Imagine having 100 opportunities to show just how unique your credit union is.
Dubbed Project 100, over the course of 100 days last year, Co-op Services Credit Union handed out $100 to 100 people in Southeast Michigan-no strings attached. People were just encouraged to think about what they could do to give back to their communities whether by volunteering or even just helping out a neighbor.
"Southeast Michigan has been hit so hard by this tough economy we were looking for ways we could give back to the community and encourage others to contribute to their communities," said Lisa Fawcett, marketing director at the $379 million credit union.
According to Project Coordinator Greg Wohler, the initial idea for Project 100 came out of brainstorming sessions to determine what the Livonia, Mich.-based credit union could do to really impact people in the community.
"We wanted to show not only members but locals that our credit union is concerned and cares," said Wohler. "Recognizing our resources are limited, we thought why not enlist an army of people and exponentially increase the community impact. Those 100 could impact others by 10, by 100 magnified. There was also just so much negative press out there and every day there was a new story about unemployment. Another element of Project 100, from the beginning was to help make things better by starting to talk about the positive and get people thinking about some of the good things happening out there."
Concept to the official launch of Project 100 took a mere 35 days, and it kicked off with Youth and Community Development Coordinator Jeremy Cybulski randomly offering people $100. The man on the street video promotion never identified Co-op Services CU. Cybulski also handed out a Project 100 T-shirt and a stack of cards printed with the whatisproject100.com microsite for the lucky recipient to give to friends and family where they could register to be selected. Locals could find and share money saving tips, learn more about local charities, volunteering opportunities, get ideas about ways to give back and winners could share their stories of what they did with the money.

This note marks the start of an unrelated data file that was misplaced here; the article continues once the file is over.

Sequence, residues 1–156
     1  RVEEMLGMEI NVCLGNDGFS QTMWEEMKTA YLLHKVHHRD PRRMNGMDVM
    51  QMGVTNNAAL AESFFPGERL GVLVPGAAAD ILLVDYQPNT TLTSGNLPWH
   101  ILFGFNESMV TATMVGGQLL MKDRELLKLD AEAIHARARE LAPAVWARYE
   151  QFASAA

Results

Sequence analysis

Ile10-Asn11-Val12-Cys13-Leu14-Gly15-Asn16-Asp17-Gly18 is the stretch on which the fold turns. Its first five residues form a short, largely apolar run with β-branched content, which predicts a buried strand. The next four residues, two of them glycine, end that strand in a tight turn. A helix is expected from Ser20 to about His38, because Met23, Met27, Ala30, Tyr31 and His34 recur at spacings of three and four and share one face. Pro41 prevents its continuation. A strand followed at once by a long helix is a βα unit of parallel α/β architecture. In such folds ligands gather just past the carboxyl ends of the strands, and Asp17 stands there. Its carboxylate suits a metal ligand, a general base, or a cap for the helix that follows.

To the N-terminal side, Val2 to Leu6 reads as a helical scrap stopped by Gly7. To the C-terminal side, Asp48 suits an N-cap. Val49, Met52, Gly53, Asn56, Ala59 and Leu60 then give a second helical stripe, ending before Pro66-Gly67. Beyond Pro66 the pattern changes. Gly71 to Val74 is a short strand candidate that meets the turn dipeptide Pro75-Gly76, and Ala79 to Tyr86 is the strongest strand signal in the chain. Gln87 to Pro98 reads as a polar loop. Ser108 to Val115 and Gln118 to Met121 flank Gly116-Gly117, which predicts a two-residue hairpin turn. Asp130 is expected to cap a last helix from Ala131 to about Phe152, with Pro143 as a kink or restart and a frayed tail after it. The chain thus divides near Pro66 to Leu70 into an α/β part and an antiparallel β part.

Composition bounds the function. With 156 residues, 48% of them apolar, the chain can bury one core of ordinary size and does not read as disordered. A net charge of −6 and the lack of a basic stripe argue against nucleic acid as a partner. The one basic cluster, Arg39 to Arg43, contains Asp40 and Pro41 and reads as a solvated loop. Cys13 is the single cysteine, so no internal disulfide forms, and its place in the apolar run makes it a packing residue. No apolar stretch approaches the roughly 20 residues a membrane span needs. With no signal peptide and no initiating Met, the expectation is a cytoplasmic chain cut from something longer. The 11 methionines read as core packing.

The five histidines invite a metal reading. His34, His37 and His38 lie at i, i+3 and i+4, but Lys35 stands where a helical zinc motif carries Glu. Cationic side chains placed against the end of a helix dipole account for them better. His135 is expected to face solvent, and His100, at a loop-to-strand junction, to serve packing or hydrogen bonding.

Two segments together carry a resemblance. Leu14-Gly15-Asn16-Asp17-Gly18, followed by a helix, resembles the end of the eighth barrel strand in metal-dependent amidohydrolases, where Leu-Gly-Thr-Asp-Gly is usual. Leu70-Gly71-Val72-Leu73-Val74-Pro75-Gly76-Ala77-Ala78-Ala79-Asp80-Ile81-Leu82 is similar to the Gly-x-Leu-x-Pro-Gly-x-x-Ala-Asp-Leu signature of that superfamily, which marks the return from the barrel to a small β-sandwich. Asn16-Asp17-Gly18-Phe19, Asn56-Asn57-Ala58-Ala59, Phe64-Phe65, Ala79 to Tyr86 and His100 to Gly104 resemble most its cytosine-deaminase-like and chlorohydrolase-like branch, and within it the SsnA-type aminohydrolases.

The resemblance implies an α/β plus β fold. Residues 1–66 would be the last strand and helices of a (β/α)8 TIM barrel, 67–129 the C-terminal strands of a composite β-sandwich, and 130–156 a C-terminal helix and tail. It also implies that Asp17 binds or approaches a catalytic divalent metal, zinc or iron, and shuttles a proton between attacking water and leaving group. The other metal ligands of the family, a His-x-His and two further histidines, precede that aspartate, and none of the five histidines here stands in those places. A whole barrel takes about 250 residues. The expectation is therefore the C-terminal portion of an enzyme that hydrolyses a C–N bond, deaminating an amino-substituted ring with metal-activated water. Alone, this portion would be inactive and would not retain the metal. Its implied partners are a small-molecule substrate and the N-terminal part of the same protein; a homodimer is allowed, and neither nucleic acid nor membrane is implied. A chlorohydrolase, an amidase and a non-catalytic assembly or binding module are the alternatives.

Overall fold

"Jeremy was a natural fit. We wanted this to be a viral grassroots campaign which is why for the first 30 days we didn't involve our name or brand just to get people talking and wondering who was behind this," said Fawcett. "We made sure the site had really great content so we figured what better way to drive people to this content and increase the number of people doing good than to give them the opportunity to be next."
Wohler said ironically the greatest challenge initially was getting people to accept the $100.
"Who knew it would be so hard to give away money?" joked Wohler. "We knew with so many people out of work that $100 is something people would need, which is why it was so important that there were no strings attached. We recognized that for some that $100 could help put food on the table, or pay a bill so it was a surprise when some people just said no I don't want it."
Once they leaked to the press that the credit union was behind Project 100 and started spreading the word via every available social media channel including Twitter, Facebook, and YouTube, some locals wrote posts on the microsite kicking themselves for walking away from the money.
According to Fawcett and Wohler, the $10,000 budget and significant investment of time and effort were all worth it. Fawcett said what was most gratifying was how recipients positively affected others from handing a neighbor in need the $100 or treating children a neighborhood to a pizza party and giving the delivery person a $24 tip. The 100th recipient, Kate Sanders, who lost her job in early 2009, used the $100 to honor her daughter's request to host a holiday party where guests brought unwrapped toys to donate to Toys for Tots or canned goods to donate to a local food bank in lieu of gifts.
"We simply represented the spark to get things started. The recipients and the lives they touched, they're the ones that really created change by continuing the giving," said Fawcett.
The campaign has not only created community goodwill but also generated quite a buzz for Co-op Services CU as a different kind of financial institution. The credit union had 1.5 million media impressions, and Wohler said every major local news media outlet covered the story. To keep the spirit of giving in the forefront, the credit union unveiled the Co-op Cares Project for the first quarter of this year where members who open a checking account received $100 that could be donated to a local charity of their choice.
Ultimately, eight local charities were featured on the www.whatisproject100.com site, where members and locals were encouraged to vote for their favorite charity. The three charities that received the highest votes were each awarded one-third of the total donations collected throughout the project. The votes were recently tallied and Gleaners Community Food Bank, HAVEN and Second Chance at Life were selected as the recipients of $1,000 each from the credit union.
"We were also very happy to see that charities of all sizes, large and small, were able to benefit from this project. Every one of the eight charities worked very hard to make this project a success," said Fawcett. "We've received tremendous feedback from all eight charities participating in the project. They've told us that the exposure alone has helped them at a time when they really need it. It's been inspiring to see the amount of people who have visited the site to vote for their favorite cause, and perhaps then stopped to think about what they could do to give back as well."